`vtreat`

is a `DataFrame`

processor/conditioner that prepares real-world data for supervised machine learning or predictive modeling in a statistically sound manner.

`vtreat`

takes an input `DataFrame`

that has a specified column called “the outcome variable” (or “y”) that is the quantity to be predicted (and must not have missing values). Other input columns are possible explanatory variables (typically numeric or categorical/string-valued, these columns may have missing values) that the user later wants to use to predict “y”. In practice such an input `DataFrame`

may not be immediately suitable for machine learning procedures that often expect only numeric explanatory variables, and may not tolerate missing values.

To solve this, `vtreat`

builds a transformed `DataFrame`

where all explanatory variable columns have been transformed into a number of numeric explanatory variable columns, without missing values. The `vtreat`

implementation produces derived numeric columns that capture most of the information relating the explanatory columns to the specified “y” or dependent/outcome column through a number of numeric transforms (indicator variables, impact codes, prevalence codes, and more). This transformed `DataFrame`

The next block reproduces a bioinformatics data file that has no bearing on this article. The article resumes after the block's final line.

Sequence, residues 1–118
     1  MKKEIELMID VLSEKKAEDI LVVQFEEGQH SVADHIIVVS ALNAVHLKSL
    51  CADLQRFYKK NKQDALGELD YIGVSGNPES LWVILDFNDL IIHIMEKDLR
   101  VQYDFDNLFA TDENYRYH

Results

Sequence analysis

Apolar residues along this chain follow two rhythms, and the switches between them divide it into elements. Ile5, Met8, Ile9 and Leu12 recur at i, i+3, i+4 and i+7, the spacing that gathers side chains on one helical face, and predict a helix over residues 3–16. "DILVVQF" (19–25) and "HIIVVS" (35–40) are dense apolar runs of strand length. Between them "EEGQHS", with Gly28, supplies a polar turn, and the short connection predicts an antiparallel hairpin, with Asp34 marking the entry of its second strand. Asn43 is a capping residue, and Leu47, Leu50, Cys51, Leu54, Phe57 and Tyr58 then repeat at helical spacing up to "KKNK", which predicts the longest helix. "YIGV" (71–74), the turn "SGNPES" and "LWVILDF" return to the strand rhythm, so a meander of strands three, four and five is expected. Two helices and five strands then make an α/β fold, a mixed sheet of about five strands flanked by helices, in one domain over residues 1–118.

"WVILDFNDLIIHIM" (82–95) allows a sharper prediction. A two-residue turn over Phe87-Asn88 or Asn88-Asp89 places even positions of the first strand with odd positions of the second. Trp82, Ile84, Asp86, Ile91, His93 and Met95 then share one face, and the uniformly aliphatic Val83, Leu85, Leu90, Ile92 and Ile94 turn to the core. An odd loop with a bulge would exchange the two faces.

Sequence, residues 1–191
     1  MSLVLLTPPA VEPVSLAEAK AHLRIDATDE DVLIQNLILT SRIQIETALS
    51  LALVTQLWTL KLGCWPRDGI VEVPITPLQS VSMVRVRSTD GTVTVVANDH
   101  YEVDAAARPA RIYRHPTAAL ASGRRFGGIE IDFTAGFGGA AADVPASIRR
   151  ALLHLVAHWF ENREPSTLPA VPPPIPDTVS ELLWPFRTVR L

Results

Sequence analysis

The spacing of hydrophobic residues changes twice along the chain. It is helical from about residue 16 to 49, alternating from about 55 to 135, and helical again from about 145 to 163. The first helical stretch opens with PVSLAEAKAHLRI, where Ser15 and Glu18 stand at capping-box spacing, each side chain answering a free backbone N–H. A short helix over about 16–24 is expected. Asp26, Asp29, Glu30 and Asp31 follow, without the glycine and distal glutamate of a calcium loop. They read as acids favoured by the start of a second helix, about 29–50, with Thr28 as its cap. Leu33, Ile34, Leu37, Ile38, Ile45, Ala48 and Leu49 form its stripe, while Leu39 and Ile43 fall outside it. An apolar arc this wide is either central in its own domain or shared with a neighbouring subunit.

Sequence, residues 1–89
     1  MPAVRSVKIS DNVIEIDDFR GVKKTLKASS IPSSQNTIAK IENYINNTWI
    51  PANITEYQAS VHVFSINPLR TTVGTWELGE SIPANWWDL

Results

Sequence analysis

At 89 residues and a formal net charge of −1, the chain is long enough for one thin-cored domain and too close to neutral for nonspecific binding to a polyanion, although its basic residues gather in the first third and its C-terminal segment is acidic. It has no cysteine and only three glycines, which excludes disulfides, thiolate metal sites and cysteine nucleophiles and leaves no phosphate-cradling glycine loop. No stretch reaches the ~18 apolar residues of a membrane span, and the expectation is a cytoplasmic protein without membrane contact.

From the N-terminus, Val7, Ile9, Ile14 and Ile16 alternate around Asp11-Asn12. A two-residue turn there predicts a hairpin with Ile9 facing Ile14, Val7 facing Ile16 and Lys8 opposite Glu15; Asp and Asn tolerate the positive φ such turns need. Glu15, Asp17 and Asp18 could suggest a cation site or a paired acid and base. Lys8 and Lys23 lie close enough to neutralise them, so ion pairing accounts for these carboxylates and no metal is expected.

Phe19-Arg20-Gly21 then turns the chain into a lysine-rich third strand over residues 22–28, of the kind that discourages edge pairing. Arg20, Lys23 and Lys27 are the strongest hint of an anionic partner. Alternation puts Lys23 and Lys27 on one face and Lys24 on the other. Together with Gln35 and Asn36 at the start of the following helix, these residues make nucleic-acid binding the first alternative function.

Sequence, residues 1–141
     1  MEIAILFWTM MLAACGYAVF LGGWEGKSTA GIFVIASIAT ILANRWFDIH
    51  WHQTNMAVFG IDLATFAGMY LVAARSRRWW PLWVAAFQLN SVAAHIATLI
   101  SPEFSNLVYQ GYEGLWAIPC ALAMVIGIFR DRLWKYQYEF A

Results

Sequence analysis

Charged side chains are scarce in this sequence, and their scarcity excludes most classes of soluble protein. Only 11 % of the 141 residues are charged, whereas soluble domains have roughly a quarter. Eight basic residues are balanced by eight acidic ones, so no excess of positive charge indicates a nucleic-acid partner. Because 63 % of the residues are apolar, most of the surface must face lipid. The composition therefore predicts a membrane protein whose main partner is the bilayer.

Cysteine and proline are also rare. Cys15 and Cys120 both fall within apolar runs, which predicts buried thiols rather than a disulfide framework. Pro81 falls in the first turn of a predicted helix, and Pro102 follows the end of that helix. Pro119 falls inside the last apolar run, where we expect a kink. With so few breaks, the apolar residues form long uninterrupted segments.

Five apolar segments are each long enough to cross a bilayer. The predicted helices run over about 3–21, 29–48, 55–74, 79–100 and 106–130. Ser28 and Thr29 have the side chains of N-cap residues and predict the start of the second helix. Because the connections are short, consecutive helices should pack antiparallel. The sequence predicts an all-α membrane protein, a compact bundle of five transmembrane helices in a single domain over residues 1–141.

is suitable for a wide range of supervised learning methods from linear regression, through gradient boosted machines.

The idea is: you can take a `DataFrame`

of messy real world data and easily, faithfully, reliably, and repeatably prepare it for machine learning using documented methods using `vtreat`

. Incorporating `vtreat`

into your machine learning workflow lets you quickly work with very diverse structured data.

Worked examples can be found here.

For more detail please see here: arXiv:1611.09477 stat.AP (the documentation describes the `R`

version, however all of the examples can be found worked in `Python`

here).

`vtreat`

is available as a `Python`

/`Pandas`

package, and also as an `R`

package.

(logo: Julie Mount, source: “The Harvest” by Boris Kustodiev 1914)

Some operational examples can be found here.